OpenMandriva is a desktop-oriented distribution that originally grew from the Mandriva family of Linux distributions. Like other community projects which rose from the ashes of Mandriva, OpenMandriva places a focus on providing a polished desktop experience that is easy to install. Unlike most other community distributions in the Mandriva family, OpenMandriva uses the Calamares installer, its own custom settings panel for managing the operating system, and builds packages using the Clang compiler instead of the GNU Compiler Collection.

OpenMandriva 4.0 introduces some other changes too, including using Fedora's DNF command line package manager and switching from using Python 2 to Python 3 by default. Python 2 is still available in the distribution's repositories for people who need to use the older version of the language.

The project's latest release is available in two builds and both of them feature the KDE Plasma desktop and run on 64-bit (x86_64) machines. One build (called "znver1") is for modern CPUs while the other is a generic 64-bit build. I was unable to find any precise information on what the minimal requirements were for running "znver1" and so used the generic build for my trial. There are mentions of ARM support in the project's release notes, but at the time of writing there is just one tarball for an ARM build on the distribution's mirrors.

Curiously, on release day, the release notes also mentioned a LXQt build of OpenMandriva and a minimal desktop build. Neither of these were available on release day and it seems the release notes are out of date (or premature). The release announcement also offers a link to torrent downloads, but there were no torrents available on the server, even a week after OpenMandriva 4.0 was launched. (The following week torrent files were made available.) All of this is to say the documentation did not match what was actually available when version 4.0 became available.

The generic 64-bit build of OpenMandriva was a 2.4GB download. Booting from the project's ISO seemed to get stuck for a minute after passing the boot menu, but eventually a splash screen appeared, followed by a welcome window. The welcome screen offers us information on package versions and displays links to on-line resources. The welcome window also offers to help us change settings, which we can probably skip until after the distribution has been installed.

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GNU Guile 2.2.6 released

Pon, 07/01/2019 - 08:17

We are delighted to announce GNU Guile release 2.2.6, the sixth bug-fix release in the 2.2 stable release series. See the NEWS excerpt that follows for full details. * * * Guile is an implementation of the Scheme programming language. The Guile web page is located at https://gnu.org/software/guile/, and among other things, it contains a copy of the Guile manual and pointers to more resources. Guile can run interactively, as a script interpreter, and as a Scheme compiler to VM bytecode. It is also packaged as a library so that applications can easily incorporate a complete Scheme interpreter/VM. An application can use Guile as an extension language, a clean and powerful configuration language, or as multi-purpose "glue" to connect primitives provided by the application. It is easy to call Scheme code from C code and vice versa. Applications can add new functions, data types, control structures, and even syntax to Guile, to create a domain-specific language tailored to the task at hand. Guile implements many common Scheme standards, including R5RS, R6RS, and a number of SRFIs. In addition, Guile includes its own module system, full access to POSIX system calls, networking support, multiple threads, dynamic linking, a foreign function call interface, and powerful string processing. Guile 2.2.6 can be installed in parallel with Guile 2.0.x; see https://www.gnu.org/software/guile/manual/html_node/Parallel-Installations.html.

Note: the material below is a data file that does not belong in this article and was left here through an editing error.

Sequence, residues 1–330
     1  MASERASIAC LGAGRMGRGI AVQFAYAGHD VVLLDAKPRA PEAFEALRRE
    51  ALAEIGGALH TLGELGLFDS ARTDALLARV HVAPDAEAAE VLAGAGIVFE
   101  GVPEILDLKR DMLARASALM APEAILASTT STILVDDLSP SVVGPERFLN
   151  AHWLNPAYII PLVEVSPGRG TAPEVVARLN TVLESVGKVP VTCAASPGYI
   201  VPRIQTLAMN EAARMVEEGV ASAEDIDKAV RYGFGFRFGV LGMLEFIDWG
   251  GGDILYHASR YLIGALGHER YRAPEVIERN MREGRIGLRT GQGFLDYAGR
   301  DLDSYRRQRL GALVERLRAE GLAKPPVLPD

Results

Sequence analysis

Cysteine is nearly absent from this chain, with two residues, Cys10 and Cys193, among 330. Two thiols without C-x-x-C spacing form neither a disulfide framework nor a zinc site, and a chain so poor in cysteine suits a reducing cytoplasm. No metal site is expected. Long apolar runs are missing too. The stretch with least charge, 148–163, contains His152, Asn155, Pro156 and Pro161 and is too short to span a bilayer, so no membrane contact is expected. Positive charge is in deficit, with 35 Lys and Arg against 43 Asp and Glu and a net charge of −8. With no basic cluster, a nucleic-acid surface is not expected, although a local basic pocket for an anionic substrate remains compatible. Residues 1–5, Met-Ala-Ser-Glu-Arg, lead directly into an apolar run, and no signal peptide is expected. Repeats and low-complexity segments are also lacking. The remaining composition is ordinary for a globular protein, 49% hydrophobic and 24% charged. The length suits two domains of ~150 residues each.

Also: GNU Guile 2.2.6 released

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today's leftovers

Pon, 07/01/2019 - 02:42
  • The Linux Kernel Getting Fixed Up For Booting On Some Intel Systems - No "8254"

    There have been Linux reports of problems pertaining to "8254 Clock Gating" going back a while but more so recently. This problem is some newer Intel Skylake~Apollolake derived systems particularly with Intel SoCs where certain systems ship with the 8254 PIT to be gated via a special register and up until now that has caused Linux to fail to boot. 

  • Vulkan 1.1.113 Brings Two More Extensions

    It's been just one week since the release of Vulkan 1.1.112 but it's now been succeeded by Vulkan 1.1.113 and two new extensions are in tow.

    Vulkan 1.1.113 comes with its usual assortment of specification corrections and clarifications to the massive Vulkan API. Additionally, Vulkan 1.1.113 has two new extensions for EXT_texel_buffer_alignment and EXT_shader_demote_to_helper_invocation.

  • Introducing PyOxidizer, an open source utility for producing standalone Python applications, written in Rust

    On Monday, Gregory Szorc, a Developer Productivity Engineer at Airbnb, introduced PyOxidizer, a Python application packaging and distribution tool written in Rust. This tool is available for Windows, macOS, and Linux operating systems.

  • Joplin is an open source note taking app for iOS, Android, Windows, macOS and Linux

    Note taking apps are handy and can be used for simple tasks like jotting down lists, to storing important information. The primary use of such an app, at least for me, is that you can pull up the data that you require quickly.  Joplin is an open source and cross platform app that is available for iOS, Android, Windows, macOS and Linux.

    It's also available as a terminal app for macOS, Linux, and FreeBSD, if that is your cup of tea. 

  • Paradox Interactive on Linux support, it's being done on a "case by case basis"